Chlamydia is the most frequently reported infectious disease in the country. According to the Centers for Disease Control, in 2017 there were 1.7 million cases of chlamydia reported to the CDC but an estimated 2.86 million infections actually occur each year.
Common in both men and women, chlamydia can be asymptomatic, so many never realize they have it. Since it can be treated with antibiotics, they deprive themselves of a cure and expose themselves to more serious health complications when they don’t get chlamydia testing.
Chlamydia occurs most commonly in women age 24 and under. When left untreated it’s especially serious in women at risk of Pelvic Inflammatory Disease (PID), experiencing pregnancy complications and/or infertility.
- Most people with chlamydia are asymptomatic and do not seek testing, which is why so many cases are not reported
- At least two-thirds of new chlamydia infections occur among those aged 15-24 years
- It is estimated that 1 in 20 sexually active young women aged 14-24 years has chlamydia
- Chlamydia is transmitted through sexual contact with the penis, vagina, mouth, or anus of an infected partner and ejaculation does not have to occur for it to be transmitted or acquired
- Being treated once for chlamydia does not make you immune - if you have sex with another infected person you can get it again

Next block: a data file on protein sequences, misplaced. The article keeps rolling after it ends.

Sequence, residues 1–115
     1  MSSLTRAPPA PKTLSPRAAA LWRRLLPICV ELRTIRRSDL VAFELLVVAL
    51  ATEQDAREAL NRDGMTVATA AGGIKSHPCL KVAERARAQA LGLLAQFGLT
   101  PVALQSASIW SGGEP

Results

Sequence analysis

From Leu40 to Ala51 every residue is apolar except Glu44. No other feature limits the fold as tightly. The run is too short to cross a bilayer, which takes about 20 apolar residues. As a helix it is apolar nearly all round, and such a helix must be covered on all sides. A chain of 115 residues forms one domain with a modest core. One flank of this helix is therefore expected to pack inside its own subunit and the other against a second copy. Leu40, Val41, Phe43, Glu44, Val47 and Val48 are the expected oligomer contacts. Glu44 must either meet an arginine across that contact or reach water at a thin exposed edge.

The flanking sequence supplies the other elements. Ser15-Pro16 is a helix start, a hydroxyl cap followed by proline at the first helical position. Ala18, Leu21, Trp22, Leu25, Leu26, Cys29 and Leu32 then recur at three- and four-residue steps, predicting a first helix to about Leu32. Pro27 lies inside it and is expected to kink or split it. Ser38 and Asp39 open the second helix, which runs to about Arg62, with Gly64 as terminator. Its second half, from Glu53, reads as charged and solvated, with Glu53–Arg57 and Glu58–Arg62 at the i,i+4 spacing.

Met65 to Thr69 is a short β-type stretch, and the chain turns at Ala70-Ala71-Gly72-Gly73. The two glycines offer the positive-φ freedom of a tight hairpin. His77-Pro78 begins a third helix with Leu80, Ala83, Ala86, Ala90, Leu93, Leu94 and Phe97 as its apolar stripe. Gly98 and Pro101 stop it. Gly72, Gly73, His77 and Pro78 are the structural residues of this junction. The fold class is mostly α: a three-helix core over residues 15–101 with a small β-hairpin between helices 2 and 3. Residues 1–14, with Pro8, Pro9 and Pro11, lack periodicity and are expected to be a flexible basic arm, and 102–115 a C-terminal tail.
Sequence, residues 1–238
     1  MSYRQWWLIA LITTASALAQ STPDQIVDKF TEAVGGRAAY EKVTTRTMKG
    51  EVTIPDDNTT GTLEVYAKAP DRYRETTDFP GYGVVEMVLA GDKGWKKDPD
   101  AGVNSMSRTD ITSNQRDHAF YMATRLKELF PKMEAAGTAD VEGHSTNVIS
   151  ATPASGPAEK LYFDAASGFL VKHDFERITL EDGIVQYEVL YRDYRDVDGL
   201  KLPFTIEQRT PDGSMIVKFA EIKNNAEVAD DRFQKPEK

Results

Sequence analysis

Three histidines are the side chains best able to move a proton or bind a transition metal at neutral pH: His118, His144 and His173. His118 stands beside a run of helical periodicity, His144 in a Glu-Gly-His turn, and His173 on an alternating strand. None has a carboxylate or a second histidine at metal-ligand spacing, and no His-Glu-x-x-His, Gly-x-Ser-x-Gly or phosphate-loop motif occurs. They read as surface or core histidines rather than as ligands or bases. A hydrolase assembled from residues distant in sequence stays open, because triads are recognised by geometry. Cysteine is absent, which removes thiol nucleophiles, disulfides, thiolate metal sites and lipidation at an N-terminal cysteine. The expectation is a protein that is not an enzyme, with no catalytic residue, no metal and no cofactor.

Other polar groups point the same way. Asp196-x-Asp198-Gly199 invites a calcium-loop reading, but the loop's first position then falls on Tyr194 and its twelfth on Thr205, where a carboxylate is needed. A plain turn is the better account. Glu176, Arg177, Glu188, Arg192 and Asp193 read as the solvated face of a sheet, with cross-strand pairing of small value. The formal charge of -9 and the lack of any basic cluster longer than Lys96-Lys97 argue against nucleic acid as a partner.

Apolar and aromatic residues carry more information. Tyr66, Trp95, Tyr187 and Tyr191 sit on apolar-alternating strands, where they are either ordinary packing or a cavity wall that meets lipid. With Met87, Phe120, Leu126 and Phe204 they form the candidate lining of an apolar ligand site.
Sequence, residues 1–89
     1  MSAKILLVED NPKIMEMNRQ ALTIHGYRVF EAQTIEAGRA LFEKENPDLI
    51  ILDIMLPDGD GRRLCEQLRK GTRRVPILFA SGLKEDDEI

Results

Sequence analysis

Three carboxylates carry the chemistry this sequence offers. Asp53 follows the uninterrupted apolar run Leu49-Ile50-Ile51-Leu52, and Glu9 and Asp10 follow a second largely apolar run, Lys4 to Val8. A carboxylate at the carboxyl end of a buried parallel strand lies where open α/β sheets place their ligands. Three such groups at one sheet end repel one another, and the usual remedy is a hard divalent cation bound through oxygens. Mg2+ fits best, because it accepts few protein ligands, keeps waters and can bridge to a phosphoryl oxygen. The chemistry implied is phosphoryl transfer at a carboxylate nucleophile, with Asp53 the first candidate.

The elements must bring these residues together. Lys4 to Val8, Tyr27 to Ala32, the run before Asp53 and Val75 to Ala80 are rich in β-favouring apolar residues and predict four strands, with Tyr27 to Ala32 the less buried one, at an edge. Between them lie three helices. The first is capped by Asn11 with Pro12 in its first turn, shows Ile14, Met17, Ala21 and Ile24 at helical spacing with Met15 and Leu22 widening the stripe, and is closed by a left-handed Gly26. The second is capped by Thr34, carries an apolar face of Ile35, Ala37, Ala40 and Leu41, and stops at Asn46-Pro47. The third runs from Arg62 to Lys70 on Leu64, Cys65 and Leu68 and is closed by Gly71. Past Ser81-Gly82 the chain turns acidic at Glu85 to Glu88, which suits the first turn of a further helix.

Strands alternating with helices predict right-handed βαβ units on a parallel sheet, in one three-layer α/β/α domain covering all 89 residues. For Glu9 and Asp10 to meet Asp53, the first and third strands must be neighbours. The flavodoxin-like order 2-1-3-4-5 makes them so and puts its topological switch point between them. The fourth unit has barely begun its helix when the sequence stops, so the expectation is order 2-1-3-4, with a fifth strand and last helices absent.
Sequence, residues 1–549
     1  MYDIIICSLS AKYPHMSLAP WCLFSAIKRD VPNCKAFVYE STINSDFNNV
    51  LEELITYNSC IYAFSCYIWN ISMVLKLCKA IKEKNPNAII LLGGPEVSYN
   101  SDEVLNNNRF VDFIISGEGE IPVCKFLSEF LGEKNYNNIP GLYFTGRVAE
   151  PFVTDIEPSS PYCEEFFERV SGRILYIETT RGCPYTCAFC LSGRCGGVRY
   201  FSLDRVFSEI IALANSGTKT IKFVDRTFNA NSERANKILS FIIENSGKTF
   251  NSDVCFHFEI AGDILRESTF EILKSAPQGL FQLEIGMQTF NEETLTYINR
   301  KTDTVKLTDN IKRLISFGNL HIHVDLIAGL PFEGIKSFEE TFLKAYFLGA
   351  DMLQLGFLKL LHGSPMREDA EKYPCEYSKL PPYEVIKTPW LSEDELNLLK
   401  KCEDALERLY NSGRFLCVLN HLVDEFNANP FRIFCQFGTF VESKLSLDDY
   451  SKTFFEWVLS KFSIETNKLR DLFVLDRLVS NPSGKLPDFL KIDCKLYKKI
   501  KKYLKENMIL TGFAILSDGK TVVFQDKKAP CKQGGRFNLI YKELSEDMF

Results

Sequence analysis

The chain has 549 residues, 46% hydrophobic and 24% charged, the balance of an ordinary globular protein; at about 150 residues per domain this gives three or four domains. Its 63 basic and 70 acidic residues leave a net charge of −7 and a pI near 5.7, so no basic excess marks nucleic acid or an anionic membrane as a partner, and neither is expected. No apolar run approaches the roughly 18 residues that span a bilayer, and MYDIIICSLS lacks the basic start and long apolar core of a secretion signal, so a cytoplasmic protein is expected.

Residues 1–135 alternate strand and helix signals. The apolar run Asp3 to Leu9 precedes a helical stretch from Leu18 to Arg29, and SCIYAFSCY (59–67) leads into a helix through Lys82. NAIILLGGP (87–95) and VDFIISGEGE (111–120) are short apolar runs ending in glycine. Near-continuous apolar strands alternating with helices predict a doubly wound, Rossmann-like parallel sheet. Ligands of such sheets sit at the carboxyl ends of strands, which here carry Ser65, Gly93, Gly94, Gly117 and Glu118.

It’s common for symptoms of chlamydia never to appear – but that doesn’t mean you don’t have it! Because it’s so common, both men and women should be tested regularly if they’re sexually active.
Chlamydia testing is a standard procedure for doctors to perform early during pregnancy.
Signs and symptoms can include:
- It burns when you pee
- Discolored discharge (men and women)
- Pain in lower abdomen (and sometimes testicles for men)
- Pain during sex
- Sore throat, cough (if you had oral sex)
- Discharge, pain and bleeding in the anus (if you had anal sex)
Who should get chlamydia testing?
Chlamydia is tested for with a urine sample.
The CDC recommends the following be routinely screened every year:
- all sexually active women younger than 25 years
- older women with risk factors such as new or multiple sex partners, or a sex partner who has a sexually transmitted infection
- all sexually active gay, bisexual, and other men who have sex with men (MSM)
Test Smartly Labs is here to test for chlamydia or any other STD. Call to get started and protect your health.